PICTURING HISTORY: LIGHTS, DARKS, CAMERAS, AND ACTION!

While the Cold War for the most part dealt with the conflicts between the Soviet Union and the United States, it was also one of the most turbulent and transformative periods between Latin America and the United States. Picturing History: Lights, Darks, Cameras, and Action! scrutinizes the history of oil painting, television, cinema, and U.S. empire through the memories of my family photo album during the decades of the 1950s and 60s.

The staged narratives of my paintings, drawings, prints and films re-present my parents as strawberry sharecroppers in the California Central Valley, and later in Southern California, in their attempts to participate in the American Dream. Other historic actors include Joe McCarthy, Arthur Miller, Roy Cohn, Fidel Castro, Louis Armstrong, Jackson Pollock, Rita Hayworth and Pedro Infante to name a few. Juxtaposing histories and aesthetics is my way of highlighting a visual connection between past and present. It is also my way of challenging the viewer to question how past beliefs and value systems continue to influence and shape how we see others, the world and ourselves.

The Late, Late, Late Capitalism Show, Oil and wax on linen on Panel, 18” x 18” x 1.5”, 2010,

All the world’s a stage and this one is full of actors from the cinema and world  history to the personal. On the left are Rita Hayworth and her makeup artist. Hollywood changed her name, dyed her hair, removed her widow’s peak in order to sell her “universal” beauty and not appear so Latina. On the guitar is my favorite     Mexican star, Pedro Infante, as Pepe el Toro. In the 1950s the U.S. government  sponsored propaganda newsreels that traveled in Mexico to combat the fear that the country would turn communist. They called it Operation Pedro. Next to Pepe is Fidel Castro. He and his revolution have survived eleven U.S. presidencies. Wow!     and Obdulio, the futbol player from Uruguay. Corporate sponsorship is everywhere. And then my parents, Pedro and Matilde, interrupt it all. They can’t believe what they’re seeing. Of course, they can’t step in front of the velvet rope  but we sure can. So if you don’t like the history you’re living, go out and make some of your own.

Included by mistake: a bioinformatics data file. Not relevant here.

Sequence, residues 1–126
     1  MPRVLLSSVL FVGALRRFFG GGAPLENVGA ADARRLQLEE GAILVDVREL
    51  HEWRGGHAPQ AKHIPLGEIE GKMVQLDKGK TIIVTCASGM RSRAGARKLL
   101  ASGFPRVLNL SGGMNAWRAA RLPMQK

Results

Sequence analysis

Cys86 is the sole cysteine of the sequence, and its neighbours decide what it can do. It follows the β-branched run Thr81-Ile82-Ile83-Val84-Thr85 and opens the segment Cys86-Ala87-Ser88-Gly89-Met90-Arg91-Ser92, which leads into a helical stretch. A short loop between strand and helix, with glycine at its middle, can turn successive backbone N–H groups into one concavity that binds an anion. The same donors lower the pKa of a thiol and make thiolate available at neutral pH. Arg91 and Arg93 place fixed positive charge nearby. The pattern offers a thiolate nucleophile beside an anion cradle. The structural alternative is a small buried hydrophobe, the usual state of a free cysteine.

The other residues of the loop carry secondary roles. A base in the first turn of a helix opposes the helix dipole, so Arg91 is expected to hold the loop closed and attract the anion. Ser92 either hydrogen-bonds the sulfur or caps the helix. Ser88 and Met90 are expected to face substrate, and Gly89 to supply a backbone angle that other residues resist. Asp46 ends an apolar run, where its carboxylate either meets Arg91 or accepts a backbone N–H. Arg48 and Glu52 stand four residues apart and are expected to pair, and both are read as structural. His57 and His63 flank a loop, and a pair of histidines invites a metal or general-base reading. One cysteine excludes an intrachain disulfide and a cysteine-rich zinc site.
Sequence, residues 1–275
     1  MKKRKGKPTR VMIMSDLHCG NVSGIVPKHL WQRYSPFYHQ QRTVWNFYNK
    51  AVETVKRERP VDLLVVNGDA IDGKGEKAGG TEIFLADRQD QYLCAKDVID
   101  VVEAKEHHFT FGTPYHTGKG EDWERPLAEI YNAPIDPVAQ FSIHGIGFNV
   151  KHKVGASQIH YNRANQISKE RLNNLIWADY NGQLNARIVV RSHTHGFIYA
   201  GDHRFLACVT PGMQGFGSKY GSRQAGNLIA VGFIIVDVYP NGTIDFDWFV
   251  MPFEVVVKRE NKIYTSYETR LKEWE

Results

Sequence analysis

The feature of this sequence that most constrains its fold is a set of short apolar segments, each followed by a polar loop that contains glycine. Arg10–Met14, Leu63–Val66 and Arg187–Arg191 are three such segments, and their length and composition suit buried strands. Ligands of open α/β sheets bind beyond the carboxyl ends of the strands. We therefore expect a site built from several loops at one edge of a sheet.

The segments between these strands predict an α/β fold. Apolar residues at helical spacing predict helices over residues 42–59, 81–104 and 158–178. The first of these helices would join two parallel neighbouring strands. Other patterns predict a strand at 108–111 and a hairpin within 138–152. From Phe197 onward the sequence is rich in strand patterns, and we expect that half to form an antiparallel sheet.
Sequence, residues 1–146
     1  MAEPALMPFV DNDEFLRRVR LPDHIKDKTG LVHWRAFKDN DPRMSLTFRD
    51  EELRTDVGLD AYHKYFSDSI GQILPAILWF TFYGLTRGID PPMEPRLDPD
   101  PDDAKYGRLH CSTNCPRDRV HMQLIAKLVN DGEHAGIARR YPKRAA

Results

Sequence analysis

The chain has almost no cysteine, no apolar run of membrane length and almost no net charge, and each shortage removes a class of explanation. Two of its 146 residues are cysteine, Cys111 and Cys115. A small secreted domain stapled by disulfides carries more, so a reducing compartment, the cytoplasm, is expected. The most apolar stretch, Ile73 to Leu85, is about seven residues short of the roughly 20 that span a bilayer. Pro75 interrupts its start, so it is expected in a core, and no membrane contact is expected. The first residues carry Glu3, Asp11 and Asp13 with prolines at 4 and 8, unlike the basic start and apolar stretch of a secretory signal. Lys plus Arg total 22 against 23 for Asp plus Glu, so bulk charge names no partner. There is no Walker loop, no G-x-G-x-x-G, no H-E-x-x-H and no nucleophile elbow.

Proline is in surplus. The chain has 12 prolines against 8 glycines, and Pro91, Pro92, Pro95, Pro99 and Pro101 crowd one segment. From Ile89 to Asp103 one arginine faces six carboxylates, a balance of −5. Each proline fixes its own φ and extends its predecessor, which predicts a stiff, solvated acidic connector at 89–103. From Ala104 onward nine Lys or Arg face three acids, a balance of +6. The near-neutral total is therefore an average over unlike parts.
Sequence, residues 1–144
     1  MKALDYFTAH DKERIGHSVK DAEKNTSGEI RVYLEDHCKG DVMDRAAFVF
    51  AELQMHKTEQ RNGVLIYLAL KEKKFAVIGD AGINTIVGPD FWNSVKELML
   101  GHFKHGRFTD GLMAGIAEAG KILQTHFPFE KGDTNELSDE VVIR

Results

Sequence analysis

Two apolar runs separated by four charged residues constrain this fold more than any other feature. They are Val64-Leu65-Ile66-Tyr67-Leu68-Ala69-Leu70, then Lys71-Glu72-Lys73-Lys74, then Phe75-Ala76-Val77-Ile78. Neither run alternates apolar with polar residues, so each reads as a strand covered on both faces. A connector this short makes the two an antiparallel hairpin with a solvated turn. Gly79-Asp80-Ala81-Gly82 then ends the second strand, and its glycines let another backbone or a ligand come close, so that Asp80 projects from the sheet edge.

How To Wage A Cultural Cold War, Oil and wax on linen on panel, 32” x 48” x 1.5”,  2011.

There he is at the center, Louis Armstrong. In the 1950s the U.S. government got into the culture business by sending famous musicians to other parts of the world under the auspices of goodwill. In reality the CIA sponsored these tours to combat  the perceived threat of communism. Eisenhower wanted artists and musicians, particularly African-American jazz musicians, to show the reds that art in America meant freedom. Can you say Brown vs. Board of education? The civil rights  movement was just beginning to take off. On the far left (but really the right) there’s Bishop Fulton J. Sheen pontificating. On the far right (literally) in the beautiful blue  suit is Senator Joseph McCarthy interrogating the playwright, Arthur Miller at  HUAC. In the background are his protégé, Roy Cohn, and his best boy, David Schine. They were very friendly to each other. And there’s me as Jackson Pollock, painter of the moment, throwing colored commotion everywhere.

Art, Thought, and Hypocrisy in Times of Terror, Oil and wax on linen on panels, 18” x 36” x 1.5”, 2011,